The markets would come as a boon to those people who would normally travel to Doha to pick up even the most basic commodities. The ministry has launched the project in collaboration with Qatar Development Bank and the Ministry of Municipality and Urban Planning. The project is to be carried out in three phases.
The shopping centres would basically boost outlets such as eateries, pharmacies, supermarkets, laundries, bakeries, meat shops and the like. The rent for each shop would be QR 6,000 a month and tenants would also be required to furnish a bank guarantee of QR 50,000. Al Furjan shopping centres are ready in some areas like Al Thumama and Ain Khalid but the entire 645-shop project at the 44 locations is expected to be ready for allotment in a few months.
Allotments are to be made through lottery, registration for which begins from 11 May and would continue till 18 May. Only Qatari companies with a valid licence are eligible to apply. Al Furjan is the plural of the Arabic word ‘fereej’, which means a neighbourhood.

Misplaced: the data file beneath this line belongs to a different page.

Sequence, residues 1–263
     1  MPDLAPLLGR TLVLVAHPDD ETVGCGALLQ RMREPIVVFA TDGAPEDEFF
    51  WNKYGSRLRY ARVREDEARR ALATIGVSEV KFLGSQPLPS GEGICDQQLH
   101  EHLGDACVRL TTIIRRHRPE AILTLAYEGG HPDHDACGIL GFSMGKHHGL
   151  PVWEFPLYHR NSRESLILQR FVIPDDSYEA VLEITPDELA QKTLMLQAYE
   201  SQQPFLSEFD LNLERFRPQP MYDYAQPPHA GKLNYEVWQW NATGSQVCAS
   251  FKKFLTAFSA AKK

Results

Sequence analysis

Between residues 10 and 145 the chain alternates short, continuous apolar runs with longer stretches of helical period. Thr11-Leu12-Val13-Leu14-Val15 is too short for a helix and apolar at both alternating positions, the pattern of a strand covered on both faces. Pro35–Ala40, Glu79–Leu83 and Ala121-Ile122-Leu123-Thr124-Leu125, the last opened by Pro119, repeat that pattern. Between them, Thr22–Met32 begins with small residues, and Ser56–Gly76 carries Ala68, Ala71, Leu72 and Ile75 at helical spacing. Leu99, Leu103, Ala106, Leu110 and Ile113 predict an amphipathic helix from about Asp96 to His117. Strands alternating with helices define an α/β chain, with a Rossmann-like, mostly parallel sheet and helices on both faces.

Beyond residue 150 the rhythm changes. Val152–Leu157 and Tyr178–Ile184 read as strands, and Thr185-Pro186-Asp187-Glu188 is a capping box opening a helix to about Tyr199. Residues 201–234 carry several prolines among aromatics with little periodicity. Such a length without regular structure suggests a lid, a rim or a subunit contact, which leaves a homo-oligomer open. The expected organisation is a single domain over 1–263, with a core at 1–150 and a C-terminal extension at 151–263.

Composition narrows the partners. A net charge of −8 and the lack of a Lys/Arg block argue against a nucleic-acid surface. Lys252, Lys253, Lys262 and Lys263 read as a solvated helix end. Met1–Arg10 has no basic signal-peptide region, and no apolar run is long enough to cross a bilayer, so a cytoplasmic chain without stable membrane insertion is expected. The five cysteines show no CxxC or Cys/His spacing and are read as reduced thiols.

The markets are being built by the government in the remotest areas of the country where there are no shopping facilities. Two types of shopping centres (big and small) are being built at 44 remote locations across Qatar and they include areas in the north, south and other areas as well as far-flung suburbs of Doha. An Al Furjan shopping centre will on average have 15 shops. Bigger centres would have more, besides having ATM booths, post offices and self-service kiosks.
However, the markets are not the same as envisaged to accommodate neighbourhood stores currently operating from residential areas and which need to be relocated since their licences are temporary. Licences for neighbourhood stores were given a long time ago as an Emiri gesture to widows and other economically weaker members of the Qatari community. A ministerial decision was passed in 2006 to relocate these stores since they are all housed in residential buildings, including villas.
The Ministry of Economy, however, has been putting off enforcement of the 2006 decision since arrangements have not yet been made to relocate them. The Central Municipal Council (CMC) has been urging the government to keep renewing the licences of these stores until a suitable alternative can be found. T
The ministry recently issued another decision renewing the licences of these stores for three years beginning from early July this year. The Cabinet, at its weekly meeting on 7 May, put its seal of approval on the ministry’s decision extending the licences of these stores until early July 2017, Qatar News Agency has reported.